Obama Officials Make Right Call
by Editorial Board
Environmental zealots are irked because they had expected the Obama administration to embrace dam breaching.
Six months ago the environmental group American Rivers, which proclaims it is dedicated to the protection and restoration of North America's rivers, put the Snake River third on its list of the nation's most endangered rivers list.
Well, the group announced this week that the Snake is now more endangered than ever.
Wow! What happened? A chemical spill or some other environmental disaster?
Not exactly. It seems the horrific act that endangers the Snake was the decision by the Obama administration to defend the Bush administration's plan for managing dams and salmon.
"It is deeply disappointing that the Obama administration has chosen to defend a plan that takes years to begin seriously studying the actions capable of restoring imperiled Snake River salmon," said Rebecca Wodder, president of American Rivers. "The situation is too urgent to keep playing political games with the future of the Snake River and its salmon -- we hope that a federal court (U.S. District Judge James Redden) will soon give the administration a second chance to do right by salmon, farms, and local communities."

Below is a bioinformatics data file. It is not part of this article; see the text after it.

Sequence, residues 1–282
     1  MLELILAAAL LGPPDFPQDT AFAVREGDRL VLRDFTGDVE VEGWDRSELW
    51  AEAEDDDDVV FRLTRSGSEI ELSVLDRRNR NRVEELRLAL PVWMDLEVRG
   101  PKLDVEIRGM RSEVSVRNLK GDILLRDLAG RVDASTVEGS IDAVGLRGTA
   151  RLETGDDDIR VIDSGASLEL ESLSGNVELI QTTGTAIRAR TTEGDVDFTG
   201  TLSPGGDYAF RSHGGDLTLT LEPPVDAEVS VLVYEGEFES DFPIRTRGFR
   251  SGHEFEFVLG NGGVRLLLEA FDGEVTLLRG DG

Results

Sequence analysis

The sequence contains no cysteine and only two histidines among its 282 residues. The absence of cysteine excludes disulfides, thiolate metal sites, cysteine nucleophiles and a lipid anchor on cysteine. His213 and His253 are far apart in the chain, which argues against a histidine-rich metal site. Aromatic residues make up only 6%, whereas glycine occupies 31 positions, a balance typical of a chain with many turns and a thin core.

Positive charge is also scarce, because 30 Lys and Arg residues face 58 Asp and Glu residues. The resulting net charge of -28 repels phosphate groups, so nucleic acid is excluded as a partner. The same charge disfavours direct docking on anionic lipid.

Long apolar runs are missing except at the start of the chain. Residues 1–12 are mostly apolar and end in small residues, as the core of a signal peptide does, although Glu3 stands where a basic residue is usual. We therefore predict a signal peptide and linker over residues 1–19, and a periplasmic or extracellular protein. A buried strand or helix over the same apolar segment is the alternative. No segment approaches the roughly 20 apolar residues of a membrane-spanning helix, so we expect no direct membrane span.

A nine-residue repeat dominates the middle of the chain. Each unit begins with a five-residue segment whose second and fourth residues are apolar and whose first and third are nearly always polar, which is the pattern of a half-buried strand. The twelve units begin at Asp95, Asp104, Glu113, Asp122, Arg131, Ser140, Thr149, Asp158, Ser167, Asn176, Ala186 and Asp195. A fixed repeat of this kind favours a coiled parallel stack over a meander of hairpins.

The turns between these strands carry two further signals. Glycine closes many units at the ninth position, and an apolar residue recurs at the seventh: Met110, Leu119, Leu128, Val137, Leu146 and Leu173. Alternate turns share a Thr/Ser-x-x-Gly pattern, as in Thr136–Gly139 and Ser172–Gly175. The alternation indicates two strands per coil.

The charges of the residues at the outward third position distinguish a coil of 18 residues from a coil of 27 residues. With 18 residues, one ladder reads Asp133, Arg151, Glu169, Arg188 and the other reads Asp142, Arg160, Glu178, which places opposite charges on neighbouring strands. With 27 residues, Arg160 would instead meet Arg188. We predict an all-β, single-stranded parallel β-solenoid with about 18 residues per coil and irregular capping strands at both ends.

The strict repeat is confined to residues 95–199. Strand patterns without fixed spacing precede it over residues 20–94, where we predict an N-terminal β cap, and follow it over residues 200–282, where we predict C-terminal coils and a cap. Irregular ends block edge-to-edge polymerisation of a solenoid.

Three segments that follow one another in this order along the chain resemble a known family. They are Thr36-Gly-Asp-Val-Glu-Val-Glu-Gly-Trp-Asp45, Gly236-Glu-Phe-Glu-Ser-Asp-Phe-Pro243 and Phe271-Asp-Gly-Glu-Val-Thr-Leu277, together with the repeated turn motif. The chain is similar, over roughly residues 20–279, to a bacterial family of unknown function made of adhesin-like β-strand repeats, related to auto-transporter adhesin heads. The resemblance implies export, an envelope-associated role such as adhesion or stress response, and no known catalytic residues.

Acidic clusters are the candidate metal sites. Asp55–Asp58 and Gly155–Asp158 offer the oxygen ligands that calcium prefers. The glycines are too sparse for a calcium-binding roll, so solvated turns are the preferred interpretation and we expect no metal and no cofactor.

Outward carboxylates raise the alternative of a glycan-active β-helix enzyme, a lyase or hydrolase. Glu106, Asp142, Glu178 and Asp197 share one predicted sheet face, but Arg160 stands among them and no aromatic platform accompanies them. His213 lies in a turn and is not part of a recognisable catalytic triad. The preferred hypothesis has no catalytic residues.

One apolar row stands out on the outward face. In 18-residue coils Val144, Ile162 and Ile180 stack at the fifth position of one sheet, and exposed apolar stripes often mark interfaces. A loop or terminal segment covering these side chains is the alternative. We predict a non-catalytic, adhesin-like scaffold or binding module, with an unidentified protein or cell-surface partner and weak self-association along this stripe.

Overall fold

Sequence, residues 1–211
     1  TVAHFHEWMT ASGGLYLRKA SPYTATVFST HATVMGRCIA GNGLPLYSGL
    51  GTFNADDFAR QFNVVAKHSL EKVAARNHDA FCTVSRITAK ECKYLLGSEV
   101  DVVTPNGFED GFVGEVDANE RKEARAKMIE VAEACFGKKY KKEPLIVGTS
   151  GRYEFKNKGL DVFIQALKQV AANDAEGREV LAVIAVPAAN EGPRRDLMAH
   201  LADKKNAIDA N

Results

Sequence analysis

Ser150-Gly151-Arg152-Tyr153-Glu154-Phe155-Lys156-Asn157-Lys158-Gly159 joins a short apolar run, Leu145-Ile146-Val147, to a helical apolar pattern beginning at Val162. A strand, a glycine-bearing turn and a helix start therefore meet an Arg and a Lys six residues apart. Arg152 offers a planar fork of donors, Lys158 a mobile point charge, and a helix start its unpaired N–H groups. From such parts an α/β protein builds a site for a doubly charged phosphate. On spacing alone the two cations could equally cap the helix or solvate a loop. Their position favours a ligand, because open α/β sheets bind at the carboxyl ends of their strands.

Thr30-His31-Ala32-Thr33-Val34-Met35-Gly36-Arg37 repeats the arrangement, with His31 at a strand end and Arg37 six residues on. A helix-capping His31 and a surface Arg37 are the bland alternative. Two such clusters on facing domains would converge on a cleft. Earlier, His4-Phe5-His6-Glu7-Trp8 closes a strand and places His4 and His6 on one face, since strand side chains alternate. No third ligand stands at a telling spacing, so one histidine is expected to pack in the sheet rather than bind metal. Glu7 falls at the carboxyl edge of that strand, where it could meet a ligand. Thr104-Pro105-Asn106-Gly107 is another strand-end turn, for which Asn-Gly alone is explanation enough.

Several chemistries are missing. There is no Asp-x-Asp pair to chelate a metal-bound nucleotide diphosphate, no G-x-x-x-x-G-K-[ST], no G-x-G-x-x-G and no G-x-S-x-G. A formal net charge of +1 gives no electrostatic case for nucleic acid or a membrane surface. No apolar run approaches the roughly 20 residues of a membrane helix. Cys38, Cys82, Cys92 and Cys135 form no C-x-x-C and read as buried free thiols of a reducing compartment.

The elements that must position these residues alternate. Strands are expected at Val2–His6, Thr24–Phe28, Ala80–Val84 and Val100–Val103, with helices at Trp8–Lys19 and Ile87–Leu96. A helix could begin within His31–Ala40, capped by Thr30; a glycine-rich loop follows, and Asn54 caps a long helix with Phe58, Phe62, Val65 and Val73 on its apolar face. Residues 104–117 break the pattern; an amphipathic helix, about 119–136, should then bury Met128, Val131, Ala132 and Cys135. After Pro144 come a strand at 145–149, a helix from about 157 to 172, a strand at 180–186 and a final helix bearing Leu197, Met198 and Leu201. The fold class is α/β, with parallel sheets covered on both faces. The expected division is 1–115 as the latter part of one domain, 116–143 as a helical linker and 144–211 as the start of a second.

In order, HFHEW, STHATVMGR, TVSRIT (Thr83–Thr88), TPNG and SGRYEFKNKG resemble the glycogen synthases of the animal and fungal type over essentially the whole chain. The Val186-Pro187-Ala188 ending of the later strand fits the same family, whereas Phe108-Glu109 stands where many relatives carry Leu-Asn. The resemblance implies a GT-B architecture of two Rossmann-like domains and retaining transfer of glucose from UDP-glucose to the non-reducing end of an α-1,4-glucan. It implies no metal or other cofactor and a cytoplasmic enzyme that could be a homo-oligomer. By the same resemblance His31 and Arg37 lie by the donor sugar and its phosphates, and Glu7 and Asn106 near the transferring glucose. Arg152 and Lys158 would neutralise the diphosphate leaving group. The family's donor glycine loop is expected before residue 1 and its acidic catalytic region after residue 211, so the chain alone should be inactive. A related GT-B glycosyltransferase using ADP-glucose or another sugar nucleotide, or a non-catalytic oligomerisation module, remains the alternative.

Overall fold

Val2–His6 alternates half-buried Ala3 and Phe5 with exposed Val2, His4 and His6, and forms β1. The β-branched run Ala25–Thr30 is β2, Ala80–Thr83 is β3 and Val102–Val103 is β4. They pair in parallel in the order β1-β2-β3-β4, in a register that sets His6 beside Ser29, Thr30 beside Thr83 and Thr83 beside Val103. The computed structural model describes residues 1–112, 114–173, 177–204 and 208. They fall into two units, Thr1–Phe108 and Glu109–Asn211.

And what is the right thing American Rivers wants the Obama administration to do? Well, it wants to remove "four salmon killing dams on the lower Snake River," according to its news release.
Talk about playing political games. American Rivers continues to twist reality to promote its dam-busting agenda.
Taking down the dams would be a disaster for farms, local communities and the entire Pacific Northwest. And it's debatable whether it would significantly benefit salmon.
Breaching the dams would significantly reduce power production, force an incredible change to irrigation systems and prohibit barge transportation to Idaho. It would put a lot of the region under water. In addition, the cost of the work that has to be done to take out those dams would be enormous.
In 2001 the U.S. Army Corps of Engineers issued a study on breaching the Snake River dams. It concluded that breaching the dams would increase the chances of salmon restoration only slightly -- if at all -- while certainly hurting the Northwest's economy.
Dam breaching is simply not the answer. Steps are now being taken that continue to improve conditions for salmon. Let's give these efforts a chance.
The Snake River was not endangered six months ago. It is not endangered today.
All that has occurred in the time period is that the Obama administration has refused to be bamboozle by zealots -- such as those involved with American Rivers -- who won't rest until the dams are down.
The Obama administration has made the right decision in sticking with the federal government's salmon restoration plan.
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